Help! My eyes don’t close after my eyelid surgery!

Monday was just another typical day in my office: two more patients, unable to close their eyes after having eyelid surgery done elsewhere.

There are many reasons why people cannot close their eyes after surgery.  Some of it is predictable, and in fact, there are certain complicated conditions in which I inform patients that there is a good chance that their eyes will not be able to close all the way after surgery.  These are generally people who were born with abnormalities in eyelid function (“congenital ptosis”), people with neuromuscular (myasthenia gravis) or mitochondrial disorders (chronic progressive external ophthalmoplegia), or people who has significant scarring in the upper eyelid “glide planes” of the main lifting muscle of the upper lid, the so-called levator muscle.  In these people, the lids are generally so droopy that the cannot see unless surgery is performed.  In these people, the modest risk of impaired eyelid closure is worth taking, so that I can help them see!

On the other hand, it is obviously not acceptable for eyelid closure to be affected during routine cosmetic surgery of the eyelids.  This happens far too often.  I am surprised by the number of people who are treated for severe “dry eye” years after cosmetic eyelid surgery… often, eyelid mechanical problems are the root of the problem, as detailed below.

Patient#1:

The first patient underwent upper blepharoplasty many years ago and has been unable to properly close her eyes for several years.  Surgery was performed by a general ophthalmologist, as opposed to a fellowship-trained oculoplastic surgeon.  Fellowship-trained oculoplastic surgeons are board-certified ophthalmologists who complete 1-2 years of additional training in diseases and surgery of the eyelids, eye sockets, and tear drains. It was clear immediately that the incision and scarring from the previous surgery were responsible for the patient’s symptoms:  The incision was not placed in the native eyelid crease and was constructed so poorly that the resultant scarring was contracting the lid skin and preventing closure.  This sort of problem would never happen with a properly constructed incision.

There are a few ways to consider fixing this problem:  a skin graft (which would work, but would not look good), or a horizontal lid tightening (which would work, but would have a higher risk of reoperation in the future).  In the end, the simplest procedure the horizontal upper lid tightening, was chosen.  The horizontal tightening (canthoplasty) will improve the mechanics of eyelid closure by placing the main closing muscle (the orbicularis oculi) on stretch, improving the muscle function.  Muscles in the body have overlapping filaments (myosin and actin) that need to be on proper tension to allow optimal contraction.  We learn about this in medical school, often in the realm of cardiology.  The phenomenon is well-known, and this stretch / function relationship is known as the Frank-Starling curve.  This approach, the horizontal tightening, is also often utilized in patients with some mild to moderate paralysis of lid closure, as well in patients who have had careless cosmetic surgery.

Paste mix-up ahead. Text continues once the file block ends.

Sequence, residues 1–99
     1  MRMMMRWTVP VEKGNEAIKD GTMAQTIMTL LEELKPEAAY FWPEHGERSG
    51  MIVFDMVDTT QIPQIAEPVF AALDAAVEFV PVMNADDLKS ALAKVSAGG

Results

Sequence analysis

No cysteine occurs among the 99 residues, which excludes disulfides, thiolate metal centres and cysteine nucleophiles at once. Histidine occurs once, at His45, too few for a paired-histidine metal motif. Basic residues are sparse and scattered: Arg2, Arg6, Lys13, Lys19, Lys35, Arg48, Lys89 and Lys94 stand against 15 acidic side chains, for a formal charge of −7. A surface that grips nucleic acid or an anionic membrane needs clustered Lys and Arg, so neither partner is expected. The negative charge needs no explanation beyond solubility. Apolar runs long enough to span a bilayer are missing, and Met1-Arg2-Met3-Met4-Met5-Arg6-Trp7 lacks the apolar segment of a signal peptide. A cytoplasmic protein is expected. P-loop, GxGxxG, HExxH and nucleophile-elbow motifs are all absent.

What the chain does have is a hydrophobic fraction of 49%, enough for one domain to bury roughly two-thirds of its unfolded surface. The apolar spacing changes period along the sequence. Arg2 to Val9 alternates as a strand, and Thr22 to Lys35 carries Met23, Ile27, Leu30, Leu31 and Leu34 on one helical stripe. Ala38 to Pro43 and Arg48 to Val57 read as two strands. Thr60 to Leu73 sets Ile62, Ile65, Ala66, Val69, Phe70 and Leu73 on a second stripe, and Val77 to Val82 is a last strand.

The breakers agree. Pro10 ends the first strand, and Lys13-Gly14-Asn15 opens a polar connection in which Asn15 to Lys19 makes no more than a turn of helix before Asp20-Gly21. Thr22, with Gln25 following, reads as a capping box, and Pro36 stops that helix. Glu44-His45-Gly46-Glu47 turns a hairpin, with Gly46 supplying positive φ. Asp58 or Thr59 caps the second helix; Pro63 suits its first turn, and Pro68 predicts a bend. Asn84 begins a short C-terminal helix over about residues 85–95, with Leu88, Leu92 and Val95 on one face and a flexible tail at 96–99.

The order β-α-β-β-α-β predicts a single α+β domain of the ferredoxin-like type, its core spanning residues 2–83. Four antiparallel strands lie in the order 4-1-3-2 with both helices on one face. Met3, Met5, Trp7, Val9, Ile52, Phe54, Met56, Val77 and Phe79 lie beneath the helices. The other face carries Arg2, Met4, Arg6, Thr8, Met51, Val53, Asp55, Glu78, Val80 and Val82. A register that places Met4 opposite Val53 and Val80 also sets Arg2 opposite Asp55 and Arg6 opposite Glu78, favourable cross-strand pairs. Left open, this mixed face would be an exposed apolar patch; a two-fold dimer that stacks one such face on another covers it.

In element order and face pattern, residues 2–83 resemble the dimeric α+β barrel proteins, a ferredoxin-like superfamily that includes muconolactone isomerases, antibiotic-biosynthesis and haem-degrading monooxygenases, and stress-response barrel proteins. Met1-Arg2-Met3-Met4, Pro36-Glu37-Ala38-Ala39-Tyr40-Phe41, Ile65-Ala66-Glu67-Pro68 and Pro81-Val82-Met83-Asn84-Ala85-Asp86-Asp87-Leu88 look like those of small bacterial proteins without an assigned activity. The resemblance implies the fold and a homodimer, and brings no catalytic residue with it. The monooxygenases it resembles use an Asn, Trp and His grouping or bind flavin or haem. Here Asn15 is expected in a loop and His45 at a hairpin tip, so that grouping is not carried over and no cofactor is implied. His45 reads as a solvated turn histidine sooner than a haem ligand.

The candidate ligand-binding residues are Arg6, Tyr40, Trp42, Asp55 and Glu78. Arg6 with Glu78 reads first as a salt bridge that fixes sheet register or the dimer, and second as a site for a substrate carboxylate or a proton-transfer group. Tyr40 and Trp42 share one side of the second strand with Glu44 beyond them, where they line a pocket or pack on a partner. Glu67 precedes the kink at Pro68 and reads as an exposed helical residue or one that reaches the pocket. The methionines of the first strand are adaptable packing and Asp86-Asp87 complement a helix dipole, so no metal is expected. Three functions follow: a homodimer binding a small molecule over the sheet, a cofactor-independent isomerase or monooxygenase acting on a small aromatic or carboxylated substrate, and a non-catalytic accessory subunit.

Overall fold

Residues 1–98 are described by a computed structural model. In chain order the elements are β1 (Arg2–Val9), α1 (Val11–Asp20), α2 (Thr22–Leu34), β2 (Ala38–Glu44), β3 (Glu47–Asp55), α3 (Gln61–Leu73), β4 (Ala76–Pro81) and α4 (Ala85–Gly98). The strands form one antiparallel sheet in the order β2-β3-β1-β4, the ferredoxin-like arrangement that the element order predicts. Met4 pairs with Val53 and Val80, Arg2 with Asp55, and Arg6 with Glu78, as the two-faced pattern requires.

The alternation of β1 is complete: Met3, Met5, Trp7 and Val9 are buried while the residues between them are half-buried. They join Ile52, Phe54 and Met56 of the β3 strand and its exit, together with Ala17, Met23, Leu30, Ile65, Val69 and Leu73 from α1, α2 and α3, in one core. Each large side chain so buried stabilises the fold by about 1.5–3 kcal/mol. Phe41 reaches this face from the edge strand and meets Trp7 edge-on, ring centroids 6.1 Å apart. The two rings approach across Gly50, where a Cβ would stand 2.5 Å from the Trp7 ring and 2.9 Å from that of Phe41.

Patient#2:

The second patient is much more complex, having had at this point 6 or 7 surgeries.  The initial procedures were cosmetic, and the rest have been corrective.  The root of the problem is that, somewhere along the way, the upper lid attachment point (to the bone) has been improperly raised.  The lid simply cannot close with this geometry. There have been several attempts to correct his eyelid problems, but all were destined for failure, since this single anatomic abnormality was not addressed.  The patient had well-regarded plastic surgeons and oculoplastic surgeons work on him, from all over the country.  Tempting as it might be to a surgeon, a simple office procedure cannot fix this sort of problem.  In fact, it is quite likely that the patient will require independent drill hole fixation of the upper and lower lids on each side to restore form and function.  The definitive approach to complex eyelid problems such as these was detailed in a review article that we wrote a few years ago.

Independent upper and lower eyelid fixation is something that I do on a weekly basis to correct eyelid position abnormalities.  There are perhaps 6-7 different variations on how I fixate the lateral eyelids during cosmetic and reconstructive cases.  Usually a drill is not required, but in this case, it is quite unlikely that the tissue will provide a solid enough anchor, given the sheer number of prior surgical procedures.

These patients underscore the need to give careful thought when choosing an eyelid surgeon.  It is always more preferable to get the surgery done right the first time!

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